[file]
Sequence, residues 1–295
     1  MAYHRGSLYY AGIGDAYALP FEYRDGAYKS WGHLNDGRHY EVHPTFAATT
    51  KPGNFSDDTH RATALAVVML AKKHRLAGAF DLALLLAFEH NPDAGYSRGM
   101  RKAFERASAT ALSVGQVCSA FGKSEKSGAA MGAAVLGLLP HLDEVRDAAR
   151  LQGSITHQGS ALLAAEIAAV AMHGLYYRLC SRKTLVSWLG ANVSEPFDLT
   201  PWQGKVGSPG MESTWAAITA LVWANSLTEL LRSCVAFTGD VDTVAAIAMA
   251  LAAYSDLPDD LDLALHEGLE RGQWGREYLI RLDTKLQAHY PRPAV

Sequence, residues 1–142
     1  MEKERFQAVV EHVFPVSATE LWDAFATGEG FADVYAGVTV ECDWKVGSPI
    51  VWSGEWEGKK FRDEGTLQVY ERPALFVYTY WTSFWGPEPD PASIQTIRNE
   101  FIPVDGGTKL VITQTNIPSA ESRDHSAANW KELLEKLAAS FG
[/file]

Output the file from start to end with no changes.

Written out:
Sequence, residues 1–295
     1  MAYHRGSLYY AGIGDAYALP FEYRDGAYKS WGHLNDGRHY EVHPTFAATT
    51  KPGNFSDDTH RATALAVVML AKKHRLAGAF DLALLLAFEH NPDAGYSRGM
   101  RKAFERASAT ALSVGQVCSA FGKSEKSGAA MGAAVLGLLP HLDEVRDAAR
   151  LQGSITHQGS ALLAAEIAAV AMHGLYYRLC SRKTLVSWLG ANVSEPFDLT
   201  PWQGKVGSPG MESTWAAITA LVWANSLTEL LRSCVAFTGD VDTVAAIAMA
   251  LAAYSDLPDD LDLALHEGLE RGQWGREYLI RLDTKLQAHY PRPAV

Sequence, residues 1–142
     1  MEKERFQAVV EHVFPVSATE LWDAFATGEG FADVYAGVTV ECDWKVGSPI
    51  VWSGEWEGKK FRDEGTLQVY ERPALFVYTY WTSFWGPEPD PASIQTIRNE
   101  FIPVDGGTKL VITQTNIPSA ESRDHSAANW KELLEKLAAS FG